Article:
Friday, March 13, 2009

MAD Money

The Jon Stewart - Jim Cramer interview was a real cultural moment. You should really watch the extended interview if you haven't already.

For the rest, click here.

I was impressed with Jon Stewart and I'm glad to see actual reporting happening again. This interview really makes you squirm with awkwardness and it helps to let Jon rage for you at all of the craziness that takes place in our country's financial sector.

That being said, I have a few problems with the interview. I felt like a lot of anger was misdirected at Cramer. He's essentially a Wall Street Pundit who puts on an entertainment show. I think the point is valid that he may be disingenously promoting himself to be an all-knowing guide through the economic storm, but who really expects the SELL, SELL, SELL guy to be a spokesman for an entire network?

People are mad right now and we have the right to be. We should be examining how we all played a part in the economic meltdown, the traders and the borrowers. No one has really discussed how the media let us down on this one, and I'm glad to see the conversation get started. But let's be clear: Stewart is accusing CNBC of not doing 'investigative financial journalism'. Is that really the expectation that veiwers have of CNBC? To get them all the facts and expose those corrupt CEOs? I would argue that that exectation does not exsit.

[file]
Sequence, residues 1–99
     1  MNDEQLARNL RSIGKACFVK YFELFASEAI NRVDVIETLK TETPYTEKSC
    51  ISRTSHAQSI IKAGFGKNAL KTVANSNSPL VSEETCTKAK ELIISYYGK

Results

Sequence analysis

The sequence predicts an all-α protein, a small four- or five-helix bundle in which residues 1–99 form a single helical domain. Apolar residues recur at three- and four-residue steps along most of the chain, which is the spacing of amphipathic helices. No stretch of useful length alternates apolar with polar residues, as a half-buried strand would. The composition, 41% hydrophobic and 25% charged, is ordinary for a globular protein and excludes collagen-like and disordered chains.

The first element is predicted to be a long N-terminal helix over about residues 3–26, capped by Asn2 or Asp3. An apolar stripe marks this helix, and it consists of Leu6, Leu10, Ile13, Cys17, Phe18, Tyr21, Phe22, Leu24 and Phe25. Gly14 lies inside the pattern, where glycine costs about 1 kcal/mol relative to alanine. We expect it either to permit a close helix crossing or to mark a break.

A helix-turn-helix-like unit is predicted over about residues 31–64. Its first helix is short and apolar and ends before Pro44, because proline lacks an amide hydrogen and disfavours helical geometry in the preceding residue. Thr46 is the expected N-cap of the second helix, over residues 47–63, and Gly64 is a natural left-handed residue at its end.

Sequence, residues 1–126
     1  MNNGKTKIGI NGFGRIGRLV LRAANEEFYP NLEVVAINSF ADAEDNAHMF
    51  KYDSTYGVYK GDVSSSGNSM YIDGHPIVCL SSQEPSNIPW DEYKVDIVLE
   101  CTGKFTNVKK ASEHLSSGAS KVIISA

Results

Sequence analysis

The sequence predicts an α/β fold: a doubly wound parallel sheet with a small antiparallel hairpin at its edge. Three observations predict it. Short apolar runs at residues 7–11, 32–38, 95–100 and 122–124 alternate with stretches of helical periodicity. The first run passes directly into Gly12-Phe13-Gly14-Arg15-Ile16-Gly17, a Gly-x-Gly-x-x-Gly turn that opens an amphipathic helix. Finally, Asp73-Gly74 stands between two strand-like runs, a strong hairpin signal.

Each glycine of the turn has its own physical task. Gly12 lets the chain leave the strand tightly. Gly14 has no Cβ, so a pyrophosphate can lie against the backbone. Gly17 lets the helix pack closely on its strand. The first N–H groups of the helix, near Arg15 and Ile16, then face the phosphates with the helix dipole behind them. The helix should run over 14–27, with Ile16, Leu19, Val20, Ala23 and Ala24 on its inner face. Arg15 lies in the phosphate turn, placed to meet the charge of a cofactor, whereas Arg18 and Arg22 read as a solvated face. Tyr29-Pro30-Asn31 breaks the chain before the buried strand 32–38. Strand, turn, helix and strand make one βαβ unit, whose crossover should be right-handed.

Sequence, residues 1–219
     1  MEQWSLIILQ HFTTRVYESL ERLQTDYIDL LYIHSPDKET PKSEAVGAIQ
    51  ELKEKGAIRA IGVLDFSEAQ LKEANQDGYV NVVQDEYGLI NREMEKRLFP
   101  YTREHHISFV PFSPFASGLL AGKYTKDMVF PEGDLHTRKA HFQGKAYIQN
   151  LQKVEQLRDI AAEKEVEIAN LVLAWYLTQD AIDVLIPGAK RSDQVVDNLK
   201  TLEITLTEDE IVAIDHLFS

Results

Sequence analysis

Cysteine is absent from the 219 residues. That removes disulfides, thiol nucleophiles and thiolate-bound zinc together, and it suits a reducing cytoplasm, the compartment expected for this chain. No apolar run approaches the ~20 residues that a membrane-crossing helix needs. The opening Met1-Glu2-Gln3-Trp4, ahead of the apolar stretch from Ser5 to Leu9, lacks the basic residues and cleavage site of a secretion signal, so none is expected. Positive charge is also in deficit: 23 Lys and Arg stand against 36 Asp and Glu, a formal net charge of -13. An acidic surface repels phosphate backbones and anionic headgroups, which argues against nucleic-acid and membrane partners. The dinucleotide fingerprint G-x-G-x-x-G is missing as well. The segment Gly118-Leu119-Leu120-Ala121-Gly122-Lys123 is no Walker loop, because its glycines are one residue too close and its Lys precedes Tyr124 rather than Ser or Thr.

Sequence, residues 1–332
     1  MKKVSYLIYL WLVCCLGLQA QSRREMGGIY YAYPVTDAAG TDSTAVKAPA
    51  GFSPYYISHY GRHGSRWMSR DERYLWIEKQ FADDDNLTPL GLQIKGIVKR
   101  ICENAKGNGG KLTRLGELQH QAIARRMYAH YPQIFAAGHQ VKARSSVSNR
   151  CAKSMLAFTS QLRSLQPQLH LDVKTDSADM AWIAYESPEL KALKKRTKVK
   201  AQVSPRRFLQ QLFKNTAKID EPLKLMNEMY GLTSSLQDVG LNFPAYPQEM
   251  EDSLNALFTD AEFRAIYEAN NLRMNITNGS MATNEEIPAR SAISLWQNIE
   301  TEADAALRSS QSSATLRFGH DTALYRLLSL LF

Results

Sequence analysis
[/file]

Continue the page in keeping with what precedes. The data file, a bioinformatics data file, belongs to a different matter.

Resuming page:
I view CNBC in the same light as the E! channel. It has a particular demographic that wants to hear vaguly reassuring/ interesting tidbits of information. Perhaps you'll look forward to an E! Hollywood Story, but I'm not going to bank my entire future on what E! tells me a high school friend says about Mickey Rourke. CNBC exists for traders and for the E-trade market warriors of the world, but shouldn't be and isn't the sole financial beakon for serious people. At least Cramer talks to people about what to look for and the importance of doing their own research before investing.

I think there is plenty of blame to go around with respect to financial reporting, but I think it's soft to go after a cable news financial network for being defferentail to titans of Wall Street.

Still, this is some awesome TV. I'm Netflix-ing Frost/Nixon right this minute.

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